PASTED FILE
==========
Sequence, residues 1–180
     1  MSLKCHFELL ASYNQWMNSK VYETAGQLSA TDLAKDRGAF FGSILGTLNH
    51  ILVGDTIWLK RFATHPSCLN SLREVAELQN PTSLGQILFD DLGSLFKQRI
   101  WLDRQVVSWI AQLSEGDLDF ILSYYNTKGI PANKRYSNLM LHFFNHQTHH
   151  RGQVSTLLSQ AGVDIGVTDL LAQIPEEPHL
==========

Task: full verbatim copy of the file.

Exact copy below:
Sequence, residues 1–180
     1  MSLKCHFELL ASYNQWMNSK VYETAGQLSA TDLAKDRGAF FGSILGTLNH
    51  ILVGDTIWLK RFATHPSCLN SLREVAELQN PTSLGQILFD DLGSLFKQRI
   101  WLDRQVVSWI AQLSEGDLDF ILSYYNTKGI PANKRYSNLM LHFFNHQTHH
   151  RGQVSTLLSQ AGVDIGVTDL LAQIPEEPHL